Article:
The point, however, on which the miracle depends is, that the child was really dead. Now, the three accounts before us state that Jesus said, “The maid is not dead, but sleepeth." So that if we believe Jesus himself literally,* the matter is explained at once; and the existence of the story as it now stands is accounted for thus: Matthew, or his informant, desirous to exhibit the affair as a miracle, by a slight variation converted the first message, that the child was dying, into an assertion that she was dead, ETEλEUTNσEV. Mark, from his additional means of information, gave the first original message correctly; but having also Matthew before him, and being himself well disposed to represent the event as miraculous, he inserted a second message, coming up fully to Matthew's statement, that the maid was dead. This point being established at the outset of the story, the rest was accommodated to a figurative interpretation of the words of Jesus, and with this view probably the addition, "they laughed him to scorn," was made. For the reality of this is in
* The speech attributed to Jesus by Mark, "Why make ye this ado, and weep? the damsel is not dead, but sleepeth," is inconsistent with a belief on his part that she was really dead; for, in this case, why should he choose to say, in so pointed a manner, what was not only incorrect, but must throw so much doubt upon the miracle? The quiet consciousness that the words will be understood finally in a figurative sense, seems to belong rather to the narrator who has his readers in view, than to Jesus, who would probably have regard to the impression produced upon his hearers. But the objection does not apply, if he be supposed to mean what he said literally.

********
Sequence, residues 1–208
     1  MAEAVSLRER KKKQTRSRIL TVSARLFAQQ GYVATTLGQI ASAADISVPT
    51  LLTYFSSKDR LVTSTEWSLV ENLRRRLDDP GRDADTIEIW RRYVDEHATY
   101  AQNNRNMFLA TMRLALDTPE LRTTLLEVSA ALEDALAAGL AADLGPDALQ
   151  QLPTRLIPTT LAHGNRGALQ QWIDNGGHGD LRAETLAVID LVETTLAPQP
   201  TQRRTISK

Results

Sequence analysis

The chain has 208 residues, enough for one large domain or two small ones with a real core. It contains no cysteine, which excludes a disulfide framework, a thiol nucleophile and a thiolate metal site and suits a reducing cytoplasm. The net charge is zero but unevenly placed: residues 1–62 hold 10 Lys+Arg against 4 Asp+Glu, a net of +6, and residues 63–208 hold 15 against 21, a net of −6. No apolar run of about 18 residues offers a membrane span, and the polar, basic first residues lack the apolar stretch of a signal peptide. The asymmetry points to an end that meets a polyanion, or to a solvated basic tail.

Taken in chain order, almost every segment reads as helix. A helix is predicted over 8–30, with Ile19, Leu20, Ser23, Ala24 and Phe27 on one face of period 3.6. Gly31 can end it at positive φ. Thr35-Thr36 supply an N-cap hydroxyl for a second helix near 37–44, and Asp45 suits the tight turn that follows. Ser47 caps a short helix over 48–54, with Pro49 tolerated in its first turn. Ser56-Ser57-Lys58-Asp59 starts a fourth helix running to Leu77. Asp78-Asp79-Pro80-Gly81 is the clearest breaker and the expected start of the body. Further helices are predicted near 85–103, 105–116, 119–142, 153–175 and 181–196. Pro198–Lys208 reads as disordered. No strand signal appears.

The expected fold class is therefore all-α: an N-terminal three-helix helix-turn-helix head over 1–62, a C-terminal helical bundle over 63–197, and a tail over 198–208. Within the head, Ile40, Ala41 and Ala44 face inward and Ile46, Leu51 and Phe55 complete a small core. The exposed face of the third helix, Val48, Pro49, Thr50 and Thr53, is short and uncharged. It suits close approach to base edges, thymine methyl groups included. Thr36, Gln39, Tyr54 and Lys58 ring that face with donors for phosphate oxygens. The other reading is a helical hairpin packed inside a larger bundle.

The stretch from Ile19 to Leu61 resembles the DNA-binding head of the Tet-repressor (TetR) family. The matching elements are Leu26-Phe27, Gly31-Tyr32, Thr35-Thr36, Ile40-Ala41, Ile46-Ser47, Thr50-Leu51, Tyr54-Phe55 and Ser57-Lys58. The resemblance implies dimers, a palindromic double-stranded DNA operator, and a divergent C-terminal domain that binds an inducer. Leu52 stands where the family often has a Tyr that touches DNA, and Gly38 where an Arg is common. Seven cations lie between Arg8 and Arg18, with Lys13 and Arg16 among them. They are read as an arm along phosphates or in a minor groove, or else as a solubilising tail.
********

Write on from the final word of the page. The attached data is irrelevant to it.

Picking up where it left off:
consistent with the opinion which the people of Galilee had of Jesus as a prophet, and which was shared by Jairus and his household, as is seen by their sending for him. With respect to the recovery of the maiden, Matthew merely says, "he took her by the hand, and the maid arose:" Mark says, "straightway she arose, and walked," which might be one of his frequent exaggerations.
Leaving aside the question of the Evangelists' accuracy, the story, to have any pretension to truth, must have come from one of these six-Peter, James, John, Jairus, his wife, or his daughter; and how can it be shewn that each of these was incapable of adding such variations as were required to make the story miraculous? And it cannot be doubted that, if any one of these had issued it, the story would have appeared sufficiently authentic to the majority of the church.